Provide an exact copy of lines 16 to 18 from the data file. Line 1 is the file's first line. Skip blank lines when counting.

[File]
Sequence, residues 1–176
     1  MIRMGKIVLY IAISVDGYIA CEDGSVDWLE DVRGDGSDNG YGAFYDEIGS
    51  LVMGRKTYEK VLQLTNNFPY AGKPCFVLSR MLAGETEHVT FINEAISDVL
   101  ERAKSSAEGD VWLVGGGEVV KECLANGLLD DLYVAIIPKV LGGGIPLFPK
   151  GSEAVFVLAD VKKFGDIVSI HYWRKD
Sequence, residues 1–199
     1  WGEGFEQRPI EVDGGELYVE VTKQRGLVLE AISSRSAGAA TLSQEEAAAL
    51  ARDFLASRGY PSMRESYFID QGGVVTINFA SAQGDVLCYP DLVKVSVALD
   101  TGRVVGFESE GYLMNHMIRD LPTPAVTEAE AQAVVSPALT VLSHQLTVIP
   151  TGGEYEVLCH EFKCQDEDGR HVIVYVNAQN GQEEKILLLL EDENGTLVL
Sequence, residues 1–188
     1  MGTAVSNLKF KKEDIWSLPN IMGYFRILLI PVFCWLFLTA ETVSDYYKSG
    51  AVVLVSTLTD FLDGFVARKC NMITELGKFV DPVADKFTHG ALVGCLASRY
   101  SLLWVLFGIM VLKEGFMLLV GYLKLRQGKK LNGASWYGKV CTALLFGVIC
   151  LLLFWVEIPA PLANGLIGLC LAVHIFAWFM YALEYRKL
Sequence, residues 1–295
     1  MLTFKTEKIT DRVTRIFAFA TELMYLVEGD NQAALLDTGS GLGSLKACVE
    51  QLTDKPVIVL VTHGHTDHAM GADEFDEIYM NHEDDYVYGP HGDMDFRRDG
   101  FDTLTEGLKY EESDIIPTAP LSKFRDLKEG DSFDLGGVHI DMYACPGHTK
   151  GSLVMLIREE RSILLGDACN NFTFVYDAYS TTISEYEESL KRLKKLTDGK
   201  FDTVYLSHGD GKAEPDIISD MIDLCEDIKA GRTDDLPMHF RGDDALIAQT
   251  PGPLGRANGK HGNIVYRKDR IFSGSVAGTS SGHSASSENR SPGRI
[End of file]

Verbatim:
Sequence, residues 1–295
     1  MLTFKTEKIT DRVTRIFAFA TELMYLVEGD NQAALLDTGS GLGSLKACVE
    51  QLTDKPVIVL VTHGHTDHAM GADEFDEIYM NHEDDYVYGP HGDMDFRRDG